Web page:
I have to admit, when Tina: The Tina Turner Musical was announced, I did automatically roll my eyes. Another musician biography musical. (And a desperately uninspiring title – even using the name of a song is more creative than just the artist’s name.) It’s the same when I hear that another film has been adapted into a stage musical; I can’t help this reflex reaction as I’d much rather have something wholly original, or at the very least a transfer of something original from elsewhere.
You can’t blame me for feeling this way, something that was compounded by reports of rowdy audience members who seemed to think it was a singalong affair. And I’ve still not seen it, though this is almost solely down to the Aldwych’s horrendous ticket prices – did you really think my ticket lottery luck was going to suddenly change?
Anyway, now I can at least hear what some of the fuss has been about, as the original London cast recording has recently had its digital release. I was slightly more familiar with Tina Turner’s discography than her life story, though that only amounted to about a third of the songs used in the show (one of which I didn’t know she’d covered during her career). So for the aficionado there may not be many surprises, but for casual fans and relative newbies there’s plenty to get acquainted with – encompassing a range of genres, including ballads, rock ‘n’ roll & a hint of gospel.
I don’t mind live cast recordings per sé (it’s better than not getting one at all), but I am always glad when a cast is given studio time to get the full thing done that way – it usually ends up as slightly better quality, and you don’t get audience applause or cheering interrupting the performances. The only place where this might have been a good addition is the finale (Nutbush City Limits/Proud Mary), as this is staged as a band concert performance anyway.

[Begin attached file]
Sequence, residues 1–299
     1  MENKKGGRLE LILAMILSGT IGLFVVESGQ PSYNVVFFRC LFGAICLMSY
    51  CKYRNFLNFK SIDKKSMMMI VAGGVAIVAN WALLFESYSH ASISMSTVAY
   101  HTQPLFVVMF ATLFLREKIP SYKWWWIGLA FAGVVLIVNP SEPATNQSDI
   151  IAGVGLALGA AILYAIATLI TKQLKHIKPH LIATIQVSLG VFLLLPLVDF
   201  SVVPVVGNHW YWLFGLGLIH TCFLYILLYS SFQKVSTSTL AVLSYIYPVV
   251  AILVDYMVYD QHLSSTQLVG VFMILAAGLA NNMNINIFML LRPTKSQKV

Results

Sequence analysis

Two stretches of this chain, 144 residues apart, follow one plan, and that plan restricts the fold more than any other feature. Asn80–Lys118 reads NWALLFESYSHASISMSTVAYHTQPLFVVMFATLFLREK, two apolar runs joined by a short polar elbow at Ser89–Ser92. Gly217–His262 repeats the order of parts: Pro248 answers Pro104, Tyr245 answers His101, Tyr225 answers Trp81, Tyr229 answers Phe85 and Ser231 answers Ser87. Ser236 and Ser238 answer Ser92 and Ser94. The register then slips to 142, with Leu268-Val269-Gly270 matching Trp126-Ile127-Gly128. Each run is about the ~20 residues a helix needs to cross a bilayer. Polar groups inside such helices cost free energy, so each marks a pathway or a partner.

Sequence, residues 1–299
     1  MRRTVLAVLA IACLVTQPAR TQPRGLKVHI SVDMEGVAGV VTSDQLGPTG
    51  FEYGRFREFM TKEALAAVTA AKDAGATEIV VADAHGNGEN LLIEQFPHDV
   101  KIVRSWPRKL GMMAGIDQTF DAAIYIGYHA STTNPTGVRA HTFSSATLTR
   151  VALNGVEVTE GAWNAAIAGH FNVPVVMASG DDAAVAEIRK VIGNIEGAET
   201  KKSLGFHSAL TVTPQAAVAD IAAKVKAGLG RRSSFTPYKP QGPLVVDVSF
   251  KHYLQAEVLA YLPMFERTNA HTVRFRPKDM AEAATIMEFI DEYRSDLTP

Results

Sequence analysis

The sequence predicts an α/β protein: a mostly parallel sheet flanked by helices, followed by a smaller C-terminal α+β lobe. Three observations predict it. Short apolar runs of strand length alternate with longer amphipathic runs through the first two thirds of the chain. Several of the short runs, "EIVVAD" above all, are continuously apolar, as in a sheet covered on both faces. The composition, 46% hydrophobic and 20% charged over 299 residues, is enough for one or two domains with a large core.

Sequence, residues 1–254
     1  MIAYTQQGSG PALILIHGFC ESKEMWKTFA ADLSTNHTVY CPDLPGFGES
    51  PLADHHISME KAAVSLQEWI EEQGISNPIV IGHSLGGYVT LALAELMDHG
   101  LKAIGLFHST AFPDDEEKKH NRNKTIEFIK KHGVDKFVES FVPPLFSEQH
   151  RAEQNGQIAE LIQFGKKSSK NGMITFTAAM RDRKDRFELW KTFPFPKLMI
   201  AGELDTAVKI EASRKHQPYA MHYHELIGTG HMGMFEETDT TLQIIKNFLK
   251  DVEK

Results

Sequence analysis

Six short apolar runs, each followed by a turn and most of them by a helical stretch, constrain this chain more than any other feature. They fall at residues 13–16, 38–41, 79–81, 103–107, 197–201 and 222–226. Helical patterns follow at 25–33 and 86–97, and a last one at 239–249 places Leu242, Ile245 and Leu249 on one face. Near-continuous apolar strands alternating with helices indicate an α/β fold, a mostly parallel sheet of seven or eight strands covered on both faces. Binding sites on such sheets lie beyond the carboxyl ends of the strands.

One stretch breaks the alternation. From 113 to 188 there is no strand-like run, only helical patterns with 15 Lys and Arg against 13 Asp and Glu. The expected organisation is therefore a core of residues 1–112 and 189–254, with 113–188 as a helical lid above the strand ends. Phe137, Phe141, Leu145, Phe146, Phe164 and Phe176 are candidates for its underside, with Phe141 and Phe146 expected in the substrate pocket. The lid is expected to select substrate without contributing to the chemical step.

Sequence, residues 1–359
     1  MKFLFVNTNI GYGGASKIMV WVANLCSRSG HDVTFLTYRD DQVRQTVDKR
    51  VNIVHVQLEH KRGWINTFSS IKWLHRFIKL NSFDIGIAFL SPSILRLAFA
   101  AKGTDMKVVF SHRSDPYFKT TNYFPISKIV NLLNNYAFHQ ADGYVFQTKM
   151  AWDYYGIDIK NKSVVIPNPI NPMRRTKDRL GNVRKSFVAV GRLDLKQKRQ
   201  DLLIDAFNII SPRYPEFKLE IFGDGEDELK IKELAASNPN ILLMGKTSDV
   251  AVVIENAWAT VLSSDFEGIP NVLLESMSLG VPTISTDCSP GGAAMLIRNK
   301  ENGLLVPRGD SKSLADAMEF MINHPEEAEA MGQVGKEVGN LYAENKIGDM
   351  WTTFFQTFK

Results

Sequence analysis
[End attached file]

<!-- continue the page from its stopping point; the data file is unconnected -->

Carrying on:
I especially love the earlier tracks that cover the beginning of Tina’s career, singing with Ike’s band (The Kings of Rhythm) in the late 50s and early 60s; the early rock ‘n’ roll vibe particularly suits Kobna Holdbrook-Smith’s gravelly vocals, showcased well in The Hunter and Matchbox. The reimagined version of Nutbush City Limits, where young Tina begins to sing at the local church, is a nice way to begin the show – it’s always intriguing to see how songs are reordered & rearranged to fit a story, as there’s a risk of things becoming quite cringeworthy if it’s not done right.
Obviously what most people will be after are the crowdpleasers such as River Deep Mountain High, The Best, and What’s Love Got to Do With It? – and they won’t be disappointed with the end results. These are some of the longer songs in the show (a few early ones are quite short & snappy), and led with aplomb by Adrienne Warren. “And though she be but little, she is fierce” is probably the best way to describe her! Conveniently the same height as the real Tina, she puts in a towering vocal performance. If her singing gives you goosebumps when you’re listening to a recorded version, I can only imagine the feeling it can provoke when she’s performing live on stage.
As I listened through the cast recording I was reading up on the show’s synopsis, as well as finding out more about Tina’s life, and I had no idea of the rollercoaster she’s gone through in both her life & career. It does now make more sense as to why the musical was created; domestic abuse, a drug overdose & a complicated love life – sometimes soap operas can pale in comparison to the real thing…
This is a cast recording that’s worth listening to whether you’ve seen the show or not, as you can absolutely appreciate the performances & musicianship – and it’s definitely one for Tina Turner fans to add to their collection. Remarkably, it’s almost like listening to Tina herself.